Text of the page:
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The man behind the USB-C iPhone rebuilt the AirPods Pro case to make it repairable | Engadget


Robotics engineer Ken Pillonel, known for creating a makeshift USB-C iPhone and AirPods, has revealed his next project. The modding wunderkind has deconstructed Apple’s AirPods Pro case and built a custom repairable version. Pillonel is sharing the design for free, allowing enterprising self-repair enthusiasts with a knack for engineering to make their own.

Pillonel has already tackled the AirPods Pro with a custom replaceable printed circuit board (PCB). However, his new project attempts to dissect the earbuds’ entire case, offering a complete blueprint for others to do the same — with 3D-printed sections and a few (cheap) afterparty parts. “Most gadgets are designed without repairability in mind, unlike the durable technology of the past that seemed built to last,” Pillonel wrote, noting that iFixit gave the second-gen AirPods Pro a dismal zero repairability score. “It is troubling to see design choices like non-replaceable batteries, glued-in components, and a lack of transparency in public information leading to the rise of ‘fast electronics.’”

In response, the engineer took on this latest project “to demonstrate how one of the most popular gadgets today — Apple’s AirPods Pro — could have been easily made repairable with minimal effort.” His stated goal is to inspire consumers and multi-billion-dollar corporations (ahem, Apple) to treat technology less like a locked-down disposable commodity and more like something one can tinker with, learn from and — with the right skills — repair themselves. Of course, a central component is using screws and nuts instead of adhesives to create a makeshift case you can crack open and fix down the road.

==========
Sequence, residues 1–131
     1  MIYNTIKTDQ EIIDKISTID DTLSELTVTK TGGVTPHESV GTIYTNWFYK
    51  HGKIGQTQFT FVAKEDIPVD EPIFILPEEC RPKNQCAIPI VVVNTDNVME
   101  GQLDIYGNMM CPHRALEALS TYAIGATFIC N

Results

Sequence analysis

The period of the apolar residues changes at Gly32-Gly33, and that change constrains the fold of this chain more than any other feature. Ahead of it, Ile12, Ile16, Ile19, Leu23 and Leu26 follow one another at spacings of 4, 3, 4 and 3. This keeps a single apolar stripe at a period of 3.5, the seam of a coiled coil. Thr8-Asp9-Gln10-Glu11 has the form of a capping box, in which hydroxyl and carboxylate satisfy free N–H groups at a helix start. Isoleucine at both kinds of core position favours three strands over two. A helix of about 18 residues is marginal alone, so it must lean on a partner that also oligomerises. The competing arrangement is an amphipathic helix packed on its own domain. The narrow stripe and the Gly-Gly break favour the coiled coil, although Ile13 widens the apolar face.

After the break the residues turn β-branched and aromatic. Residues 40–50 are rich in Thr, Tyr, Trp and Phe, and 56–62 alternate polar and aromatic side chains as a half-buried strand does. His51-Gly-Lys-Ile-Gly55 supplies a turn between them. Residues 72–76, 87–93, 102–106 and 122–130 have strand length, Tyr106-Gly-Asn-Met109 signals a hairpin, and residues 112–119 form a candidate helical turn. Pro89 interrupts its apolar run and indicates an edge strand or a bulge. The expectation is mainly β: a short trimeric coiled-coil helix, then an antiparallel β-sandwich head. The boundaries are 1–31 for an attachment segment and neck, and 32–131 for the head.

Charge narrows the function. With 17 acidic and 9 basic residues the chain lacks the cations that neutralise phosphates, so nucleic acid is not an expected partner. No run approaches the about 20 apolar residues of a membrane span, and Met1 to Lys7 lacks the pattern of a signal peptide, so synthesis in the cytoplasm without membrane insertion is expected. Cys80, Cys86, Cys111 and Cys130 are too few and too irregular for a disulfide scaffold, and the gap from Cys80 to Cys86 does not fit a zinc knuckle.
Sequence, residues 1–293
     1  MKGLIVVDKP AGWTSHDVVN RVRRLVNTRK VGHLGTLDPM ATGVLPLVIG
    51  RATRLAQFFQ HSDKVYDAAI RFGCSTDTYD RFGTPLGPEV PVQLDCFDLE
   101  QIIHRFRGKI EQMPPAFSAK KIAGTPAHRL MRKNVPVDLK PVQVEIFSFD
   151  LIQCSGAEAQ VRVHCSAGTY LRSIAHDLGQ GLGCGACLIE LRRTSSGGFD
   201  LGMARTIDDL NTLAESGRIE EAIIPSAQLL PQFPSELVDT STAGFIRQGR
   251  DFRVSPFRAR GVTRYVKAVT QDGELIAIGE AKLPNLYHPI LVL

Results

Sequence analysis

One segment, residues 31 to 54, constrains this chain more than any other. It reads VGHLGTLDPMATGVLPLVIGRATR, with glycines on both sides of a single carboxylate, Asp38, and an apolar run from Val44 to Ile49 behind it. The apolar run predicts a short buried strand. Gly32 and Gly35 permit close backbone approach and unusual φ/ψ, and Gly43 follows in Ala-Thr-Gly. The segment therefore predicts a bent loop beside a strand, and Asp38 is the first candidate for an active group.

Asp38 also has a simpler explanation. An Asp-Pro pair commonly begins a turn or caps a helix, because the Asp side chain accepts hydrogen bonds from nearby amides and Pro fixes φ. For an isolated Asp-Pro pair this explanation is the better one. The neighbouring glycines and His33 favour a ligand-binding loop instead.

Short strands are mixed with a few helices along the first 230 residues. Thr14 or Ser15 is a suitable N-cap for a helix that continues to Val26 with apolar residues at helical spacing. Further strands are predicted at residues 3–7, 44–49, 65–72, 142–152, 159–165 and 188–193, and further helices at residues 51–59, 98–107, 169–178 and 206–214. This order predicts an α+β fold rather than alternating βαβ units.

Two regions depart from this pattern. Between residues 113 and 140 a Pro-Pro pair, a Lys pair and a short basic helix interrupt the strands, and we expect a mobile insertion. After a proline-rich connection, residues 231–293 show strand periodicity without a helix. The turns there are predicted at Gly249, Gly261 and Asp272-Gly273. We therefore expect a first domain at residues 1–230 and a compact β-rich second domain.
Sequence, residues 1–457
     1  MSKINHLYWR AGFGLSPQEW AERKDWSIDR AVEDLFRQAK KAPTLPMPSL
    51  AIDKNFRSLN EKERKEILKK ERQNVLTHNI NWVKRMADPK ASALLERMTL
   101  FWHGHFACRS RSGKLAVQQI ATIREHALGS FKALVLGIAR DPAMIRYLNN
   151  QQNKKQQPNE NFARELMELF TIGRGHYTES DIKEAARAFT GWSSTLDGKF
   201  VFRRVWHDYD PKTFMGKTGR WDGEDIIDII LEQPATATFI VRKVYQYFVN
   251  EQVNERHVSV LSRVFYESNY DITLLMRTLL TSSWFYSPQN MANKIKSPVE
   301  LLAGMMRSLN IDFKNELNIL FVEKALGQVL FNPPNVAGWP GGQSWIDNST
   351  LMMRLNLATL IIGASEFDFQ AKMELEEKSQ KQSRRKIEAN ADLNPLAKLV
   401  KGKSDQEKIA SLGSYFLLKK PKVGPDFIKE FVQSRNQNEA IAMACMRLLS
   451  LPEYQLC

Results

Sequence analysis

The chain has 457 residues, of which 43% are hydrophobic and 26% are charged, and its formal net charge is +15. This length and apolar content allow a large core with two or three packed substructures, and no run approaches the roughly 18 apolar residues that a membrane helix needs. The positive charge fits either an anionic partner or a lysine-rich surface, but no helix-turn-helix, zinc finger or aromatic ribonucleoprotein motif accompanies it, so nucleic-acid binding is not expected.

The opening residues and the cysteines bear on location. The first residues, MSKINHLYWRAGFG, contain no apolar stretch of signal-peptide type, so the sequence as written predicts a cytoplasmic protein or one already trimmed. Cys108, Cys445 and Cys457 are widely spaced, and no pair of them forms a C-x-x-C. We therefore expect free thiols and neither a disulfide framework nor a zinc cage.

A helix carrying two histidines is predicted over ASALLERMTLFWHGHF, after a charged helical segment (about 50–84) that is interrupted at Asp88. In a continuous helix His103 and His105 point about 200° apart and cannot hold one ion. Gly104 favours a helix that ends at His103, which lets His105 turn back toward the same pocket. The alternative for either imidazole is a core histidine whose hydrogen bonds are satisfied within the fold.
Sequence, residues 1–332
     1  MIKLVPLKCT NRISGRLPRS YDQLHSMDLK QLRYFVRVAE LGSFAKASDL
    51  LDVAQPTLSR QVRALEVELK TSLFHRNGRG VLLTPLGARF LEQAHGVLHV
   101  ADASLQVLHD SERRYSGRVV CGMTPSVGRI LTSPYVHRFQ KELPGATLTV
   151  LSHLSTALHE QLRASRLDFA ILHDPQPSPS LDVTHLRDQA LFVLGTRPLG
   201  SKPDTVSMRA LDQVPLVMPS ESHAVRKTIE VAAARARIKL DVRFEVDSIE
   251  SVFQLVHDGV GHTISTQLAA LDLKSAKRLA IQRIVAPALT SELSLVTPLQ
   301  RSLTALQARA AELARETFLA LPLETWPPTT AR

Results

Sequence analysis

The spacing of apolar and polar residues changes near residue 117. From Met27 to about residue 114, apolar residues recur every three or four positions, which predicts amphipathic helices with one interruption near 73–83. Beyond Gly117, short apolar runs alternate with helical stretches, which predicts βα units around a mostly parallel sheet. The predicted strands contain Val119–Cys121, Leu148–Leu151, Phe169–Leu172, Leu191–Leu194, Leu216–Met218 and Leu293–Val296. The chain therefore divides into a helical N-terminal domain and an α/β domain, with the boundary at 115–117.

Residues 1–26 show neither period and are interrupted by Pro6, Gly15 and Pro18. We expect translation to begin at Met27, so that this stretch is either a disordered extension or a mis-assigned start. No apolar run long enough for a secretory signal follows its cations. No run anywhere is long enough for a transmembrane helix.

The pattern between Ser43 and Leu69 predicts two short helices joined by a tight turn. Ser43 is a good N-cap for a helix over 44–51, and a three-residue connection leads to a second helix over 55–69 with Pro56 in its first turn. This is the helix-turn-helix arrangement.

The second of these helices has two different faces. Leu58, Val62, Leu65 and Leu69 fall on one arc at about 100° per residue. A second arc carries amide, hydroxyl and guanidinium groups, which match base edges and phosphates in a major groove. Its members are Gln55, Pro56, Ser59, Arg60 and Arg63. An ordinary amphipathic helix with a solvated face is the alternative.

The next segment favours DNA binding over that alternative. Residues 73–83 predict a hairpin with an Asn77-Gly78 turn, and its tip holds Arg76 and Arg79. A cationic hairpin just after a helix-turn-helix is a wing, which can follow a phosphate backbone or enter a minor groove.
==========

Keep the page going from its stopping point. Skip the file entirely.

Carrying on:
Engineer Ken Pillonel working with a 3D printer. He is to the right / front of the printer, looking inside of it.

Ken Pillonel / Exploring the Simulation

Pillonel says this was one of his most challenging custom projects yet, as he had to create precise scans of the case’s every component. As he explains in the video below from his YouTube channel, some of the case’s parts proved especially difficult with complex curves that a simple caliper and basic 2D scans couldn’t quite nail down. He even detailed his quest for finding the right spring-loaded contact pins to charge the buds and an affordable 3D scanner to capture some of the more oddly shaped parts. I recommend a quick watch to anyone curious about sustainability and the nuts and bolts behind iconic consumer tech gadgets. (Remember that such tinkering will void your warranty, and you should probably only give it a shot if you’re experienced with electronics repairs.)

“I am thrilled to make these repairable designs available to the public at no cost, encouraging individuals and manufacturers alike to prioritize repairability in their product development,” Pillonel wrote today. “Together, we can work towards a circular economy that not only minimizes electronic waste but also fosters a culture of conscious consumption and responsible tech innovation.” You can peruse Pillonel’s designs and storefront for replacement parts on his website.


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